Daytona 500 champion Michael McDowell "never lost hope"

Jim Utter
·5-min read

He insists he always knew he would win a series race before his career came to an end, although he finds it difficult to articulate the reasons why he came to that conclusion.

“Y’all could ask my wife because she’s more realistic, and she’s just like, ‘Man, I don’t think it’s in the cards.’ Just for whatever reason, I don’t know. “I’m like, ‘It’s going to happen. I just know it is.’

“You know, I don’t know why. I don’t know why I have that feeling. But I also feel like if I don’t come to the race track thinking like that, then why am I coming to the race track?”

McDowell had been all over the map in his Cup career, driving for start-and-park rides and low budget teams but slowly he worked his way onto teams which provided opportunities for good finishes – and if everything went perfect – maybe a win.

Finally a winner

His record remained 0-for-357 entering Sunday’s Daytona 500 and while he had shown himself to be an accomplished superspeedway driver, he wasn’t among the list of favorites to end his winless streak in the race.

But in the early hours of Monday morning, following 200 laps that took more than nine hours to complete thanks to an extended rain delay, there was McDowell riding around the track after taking the checkered flag waiting for NASCAR officials to complete their review of the finish, which included a last-lap wreck and caution.

Either McDowell or Chase Elliott – the sport’s most popular driver and fresh off his first series championship – was going to win their first Daytona 500.

“It took a full lap, so I made an extra lap,” McDowell said. “I wasn’t about to pull down pit road. I didn’t know at all when the caution came out. It was just so chaotic that I had no idea when the caution came out and where I was at the time.

“I was fairly confident that I was close to being ahead because I pretty much stayed ahead through most of the corner. When I came across the line, I thought, ‘Oh my gosh, is this possible? It’s possible that we just won the race.’

“And then immediately it sunk in that if we didn’t, I was going to be so upset. We’re so close, you know? It was a long lap. It really became a blur when they said we won and to go to the start/finish line. It was just overwhelming.”

In his long motorsports career, McDowell, 36, had tasted victory only a few times – a win in the Xfinity Series in 2016, four wins in ARCA in the 2007 season and a victory in 2005 in the then-NASCAR Grand-Am Sports Car Series.

Suddenly, he was being directed to Victory Lane, not only to celebrate his first career win, but also in NASCAR’s biggest race, its grandest stage.

Some of NASCAR’s most successful stars have never made this trip, but now he was.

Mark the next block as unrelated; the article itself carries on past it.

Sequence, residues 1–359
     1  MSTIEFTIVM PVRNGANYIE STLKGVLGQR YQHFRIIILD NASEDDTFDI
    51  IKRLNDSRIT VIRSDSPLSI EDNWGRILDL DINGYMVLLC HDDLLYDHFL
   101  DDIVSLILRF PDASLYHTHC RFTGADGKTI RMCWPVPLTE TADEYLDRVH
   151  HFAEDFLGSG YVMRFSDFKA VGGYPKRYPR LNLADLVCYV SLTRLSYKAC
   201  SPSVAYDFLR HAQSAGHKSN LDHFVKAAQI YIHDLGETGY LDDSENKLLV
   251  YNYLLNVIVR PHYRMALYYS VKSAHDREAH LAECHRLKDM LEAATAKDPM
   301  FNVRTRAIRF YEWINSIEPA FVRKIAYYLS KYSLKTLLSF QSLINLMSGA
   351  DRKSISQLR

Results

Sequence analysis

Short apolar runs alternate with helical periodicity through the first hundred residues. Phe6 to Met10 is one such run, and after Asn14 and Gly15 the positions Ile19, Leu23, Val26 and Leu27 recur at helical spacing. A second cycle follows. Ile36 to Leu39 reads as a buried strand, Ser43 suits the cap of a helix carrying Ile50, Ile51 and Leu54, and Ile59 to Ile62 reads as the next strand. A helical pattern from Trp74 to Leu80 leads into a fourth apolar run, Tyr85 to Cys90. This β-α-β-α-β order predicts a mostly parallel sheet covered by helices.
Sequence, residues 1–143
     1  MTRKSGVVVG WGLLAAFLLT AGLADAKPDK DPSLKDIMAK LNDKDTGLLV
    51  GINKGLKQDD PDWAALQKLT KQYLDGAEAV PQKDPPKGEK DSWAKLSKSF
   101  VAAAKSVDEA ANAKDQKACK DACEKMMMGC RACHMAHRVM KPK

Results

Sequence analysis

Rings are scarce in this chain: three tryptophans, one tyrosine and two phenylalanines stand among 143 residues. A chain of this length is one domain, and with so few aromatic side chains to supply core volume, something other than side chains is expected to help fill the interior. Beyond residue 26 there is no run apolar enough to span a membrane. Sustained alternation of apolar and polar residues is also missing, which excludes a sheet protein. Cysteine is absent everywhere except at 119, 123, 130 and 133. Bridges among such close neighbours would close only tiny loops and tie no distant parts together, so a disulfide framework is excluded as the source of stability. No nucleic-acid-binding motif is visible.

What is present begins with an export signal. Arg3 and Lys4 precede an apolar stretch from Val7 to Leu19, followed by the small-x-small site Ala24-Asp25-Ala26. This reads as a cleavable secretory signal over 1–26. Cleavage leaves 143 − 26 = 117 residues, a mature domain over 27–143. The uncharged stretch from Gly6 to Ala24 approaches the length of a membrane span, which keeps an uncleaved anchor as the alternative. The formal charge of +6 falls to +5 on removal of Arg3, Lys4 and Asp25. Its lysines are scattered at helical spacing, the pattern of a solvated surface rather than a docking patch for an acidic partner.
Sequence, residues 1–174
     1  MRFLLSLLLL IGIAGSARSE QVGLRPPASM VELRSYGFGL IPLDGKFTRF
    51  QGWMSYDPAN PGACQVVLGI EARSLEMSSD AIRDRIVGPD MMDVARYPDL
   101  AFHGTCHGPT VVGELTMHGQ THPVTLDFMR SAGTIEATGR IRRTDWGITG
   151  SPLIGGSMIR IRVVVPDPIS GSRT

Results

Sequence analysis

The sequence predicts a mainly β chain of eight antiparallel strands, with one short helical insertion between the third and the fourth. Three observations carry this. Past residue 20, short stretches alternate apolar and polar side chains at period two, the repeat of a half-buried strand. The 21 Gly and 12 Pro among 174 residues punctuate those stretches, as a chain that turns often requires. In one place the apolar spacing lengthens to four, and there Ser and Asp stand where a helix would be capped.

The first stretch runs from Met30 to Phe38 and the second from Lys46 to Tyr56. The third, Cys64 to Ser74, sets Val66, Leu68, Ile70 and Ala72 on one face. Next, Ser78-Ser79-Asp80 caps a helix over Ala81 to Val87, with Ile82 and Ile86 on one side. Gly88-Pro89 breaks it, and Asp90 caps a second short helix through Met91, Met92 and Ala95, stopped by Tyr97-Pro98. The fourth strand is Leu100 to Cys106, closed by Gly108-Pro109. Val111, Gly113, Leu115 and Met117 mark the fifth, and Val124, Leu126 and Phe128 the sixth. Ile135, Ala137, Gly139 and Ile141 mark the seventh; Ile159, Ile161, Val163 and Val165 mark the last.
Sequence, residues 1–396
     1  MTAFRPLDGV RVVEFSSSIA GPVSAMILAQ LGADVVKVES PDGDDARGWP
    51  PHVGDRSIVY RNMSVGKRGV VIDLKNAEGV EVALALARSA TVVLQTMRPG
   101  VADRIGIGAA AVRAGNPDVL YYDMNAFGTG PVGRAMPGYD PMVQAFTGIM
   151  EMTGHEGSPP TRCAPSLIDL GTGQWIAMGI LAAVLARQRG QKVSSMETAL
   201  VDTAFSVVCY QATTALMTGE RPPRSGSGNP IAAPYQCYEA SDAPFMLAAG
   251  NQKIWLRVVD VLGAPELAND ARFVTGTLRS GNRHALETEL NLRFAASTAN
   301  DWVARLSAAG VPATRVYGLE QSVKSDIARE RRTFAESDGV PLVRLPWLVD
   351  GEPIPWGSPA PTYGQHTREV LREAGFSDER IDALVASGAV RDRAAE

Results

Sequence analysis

His belief in himself and his persistence had been validated, and perhaps in no bigger way.

“I think that for so long, that was a hard part because I knew that with start-and-parking and all that stuff, I’m not going to run the full race, not going to have a shot (at winning),” McDowell said.

“But even when I was start-and-parking, I was like, ‘Man, one day I’m going to get a shot at it and I’ll be able to do it because of all this that I’ve put into it. I never lost hope of that.”

Now a playoff driver

With a victory in hand that all-but guarantees him a berth in the Cup Series playoffs, a range of new opportunities seems to have quickly been played on his path ahead.

McDowell, with his sports car background, is also a stout road racer, and next on the schedule is Sunday’s race on the Daytona Road Course, where he secured a 10th-place finish last season.

Because of his win Sunday, he will get the benefit of starting closer to the front Sunday as a driver’s finish in the previous race is part of the formula to determine the starting line when there is no qualifying.

With NASCAR’s schedule changes this season, the series goes from two to seven road course events, including one in the 10-race playoffs.

Even if Front Row Motorsports’ cars may not be on par with Hendrick Motorspsorts or Team Penske or Joe Gibbs Racing on the intermediate tracks, seven road courses and three more superspeedway races are plenty of chances for more strong finishes or even more victories.

“When I come to the race track, when we load up and go, I really think every weekend, ‘Okay, this is the weekend it’s going to happen.’ And I know that sounds crazy, but I do, and I have, and I have for a long time,” McDowell said.

“I think that’s an important part of it is just believing that it’s possible. It’s not so much believing like, ‘Oh, I can do it, I’m good enough.’ I don't care about that stuff, just believing that it’s possible that it could happen.

“And it did.”